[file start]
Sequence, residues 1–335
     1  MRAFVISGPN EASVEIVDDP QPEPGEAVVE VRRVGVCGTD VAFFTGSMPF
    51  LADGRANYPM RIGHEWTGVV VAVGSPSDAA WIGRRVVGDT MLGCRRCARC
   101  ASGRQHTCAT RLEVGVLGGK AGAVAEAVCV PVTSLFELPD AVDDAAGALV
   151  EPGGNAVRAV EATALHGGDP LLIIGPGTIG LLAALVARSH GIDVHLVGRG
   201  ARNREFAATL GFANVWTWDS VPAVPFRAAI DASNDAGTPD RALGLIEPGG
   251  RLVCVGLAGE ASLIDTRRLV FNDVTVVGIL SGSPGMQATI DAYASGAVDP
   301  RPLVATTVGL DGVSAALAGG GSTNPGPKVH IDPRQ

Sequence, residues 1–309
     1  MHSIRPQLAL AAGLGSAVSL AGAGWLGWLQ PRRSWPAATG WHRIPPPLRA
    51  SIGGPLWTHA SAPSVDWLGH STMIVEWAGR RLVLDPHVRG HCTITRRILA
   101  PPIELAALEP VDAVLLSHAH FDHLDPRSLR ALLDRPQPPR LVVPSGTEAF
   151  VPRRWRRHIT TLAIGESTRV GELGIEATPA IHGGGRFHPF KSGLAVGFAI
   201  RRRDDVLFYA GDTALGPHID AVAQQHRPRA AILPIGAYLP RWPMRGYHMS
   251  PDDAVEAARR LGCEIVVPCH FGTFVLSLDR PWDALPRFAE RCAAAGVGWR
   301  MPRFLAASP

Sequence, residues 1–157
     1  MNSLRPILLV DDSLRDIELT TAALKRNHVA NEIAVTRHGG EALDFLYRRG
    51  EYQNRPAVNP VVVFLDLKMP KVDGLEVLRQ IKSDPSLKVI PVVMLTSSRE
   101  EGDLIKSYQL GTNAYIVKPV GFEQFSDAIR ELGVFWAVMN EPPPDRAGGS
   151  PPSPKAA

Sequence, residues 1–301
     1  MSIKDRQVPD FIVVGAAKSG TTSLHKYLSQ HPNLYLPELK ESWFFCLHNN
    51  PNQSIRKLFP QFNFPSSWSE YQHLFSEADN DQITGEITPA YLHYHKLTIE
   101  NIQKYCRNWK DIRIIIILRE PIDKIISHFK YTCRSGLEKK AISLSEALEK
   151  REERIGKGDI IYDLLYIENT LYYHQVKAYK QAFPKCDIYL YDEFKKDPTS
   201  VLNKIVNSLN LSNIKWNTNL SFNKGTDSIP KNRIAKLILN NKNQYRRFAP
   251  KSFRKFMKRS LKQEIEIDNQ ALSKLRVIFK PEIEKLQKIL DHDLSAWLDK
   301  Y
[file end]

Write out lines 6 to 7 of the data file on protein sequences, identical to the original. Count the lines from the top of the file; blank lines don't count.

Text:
   201  ARNREFAATL GFANVWTWDS VPAVPFRAAI DASNDAGTPD RALGLIEPGG
   251  RLVCVGLAGE ASLIDTRRLV FNDVTVVGIL SGSPGMQATI DAYASGAVDP